2016 | News

Rockville Leaders Seek Parking Policy Changes as Business Owners Complain About Declining Sales

Paid parking in the city's center has long been sore spot for restaurateurs and retailers

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A space counter outside Garage A at Rockville Town Square

Aaron Kraut

Downtown Rockville business owners on Monday night told the city’s council that parking spaces requiring payment are to blame for their declining sales and that unless something changes, “you’re going to have a lot of boarded up businesses.”

That’s what Marc Sosin, who owns the Ben & Jerry’s location near the Regal Cinemas on East Montgomery Avenue, had to say about the situation, while bemoaning the free parking offered at the RIO Washingtonian Center and Downtown Crown retail developments in Gaithersburg.

Bob Daly, franchisee of the California Tortilla on East Montgomery Avenue, told the council the restaurant earned $1.45 million in sales in 2000, his first year operating the location, and did $900,000 in sales last year while paying a higher rent. Daly said he sold the restaurant and then took it back over in 2014 after paying for a half-million dollar renovation.

“It’s been a disaster for me now and I really regret at this point taking it back over,” Daly said. “I don’t think you guys realize how much we’re suffering here. We’re basically slaves now. We’re stuck in these leases.”

Business owners along East Montgomery Avenue and in Rockville Town Square have long complained about the impact of customers having to pay for parking at street meters or in garages, especially on Saturdays when parking is free in public garages in places such as downtown Bethesda.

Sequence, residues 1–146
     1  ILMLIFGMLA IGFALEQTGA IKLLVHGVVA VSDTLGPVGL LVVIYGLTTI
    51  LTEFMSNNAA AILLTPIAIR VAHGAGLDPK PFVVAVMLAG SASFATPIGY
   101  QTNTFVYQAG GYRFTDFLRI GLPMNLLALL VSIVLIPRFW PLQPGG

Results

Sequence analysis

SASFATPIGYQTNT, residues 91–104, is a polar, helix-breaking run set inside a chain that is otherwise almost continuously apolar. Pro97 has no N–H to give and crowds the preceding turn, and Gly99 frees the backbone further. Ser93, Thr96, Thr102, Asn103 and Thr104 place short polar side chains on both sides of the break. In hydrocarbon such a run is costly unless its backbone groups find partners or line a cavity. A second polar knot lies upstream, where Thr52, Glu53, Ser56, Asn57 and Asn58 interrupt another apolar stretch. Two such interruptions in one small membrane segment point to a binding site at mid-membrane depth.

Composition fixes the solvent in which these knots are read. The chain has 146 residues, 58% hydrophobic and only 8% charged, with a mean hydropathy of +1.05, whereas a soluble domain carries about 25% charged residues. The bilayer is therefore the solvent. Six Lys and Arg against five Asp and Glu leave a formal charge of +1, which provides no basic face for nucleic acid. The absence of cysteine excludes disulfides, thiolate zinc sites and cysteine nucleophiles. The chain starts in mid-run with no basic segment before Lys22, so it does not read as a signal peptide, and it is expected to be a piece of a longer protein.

In February, the council and Mayor Bridge Donnell Newton held a forum that included the business owners and a parking consultant for Federal Realty Investment Trust (FRIT), the developer of Rockville Town Square. The city leased three city-owned garages with a combined 958 total spaces on the property to FRIT in 2011.

FRIT operates the garages with daily paid parking under a 50-year agreement in which it pays the city about $315,000 in annual rent and an additional $50,000 annually in a revenue-sharing formula.

While FRIT does provide free parking for the first two hours if a driver gets the parking ticket validated at a local business, the parking consultant said in February the parking revenue is needed to pay for garage operating costs and the annual rent required by the lease agreement.

Marc Dubick, president of development company Duball, told the council during the same meeting that his company must charge for parking because it’s obligated to pay off the debt of building the parking garage under its Cambria hotel and The Upton apartment project that fronts East Montgomery Avenue.

On Monday, Newton directed city staff to study options such as hiring a consultant to improve parking signage, changing the length of time allowed at meters and the amount of money charged for a violation.

Council member Mark Pierzchala, concerned about the frequent angry complaints the city gets from drivers who have received $40 tickets at expired street meters, suggested a five-minute grace period.

He suggested parking enforcement officials carry a yellow card that can be placed on a vehicle’s windshield when its meter is expired.

“They get their five minutes free extra time, then they get the ticket,” Pierzchala said. “When people really get angry is when they’re 30 seconds late and the ticket’s being written. This way, they get the message but they don’t get the $40 ticket.”

Alice Nappy, executive director of the VisArts art gallery in Rockville Town Square, said she’d like the city to study how much revenue would be lost if parking was free during the weekends.

“I know that there are businesses that are going to leave” if there aren’t changes concerning parking, she said.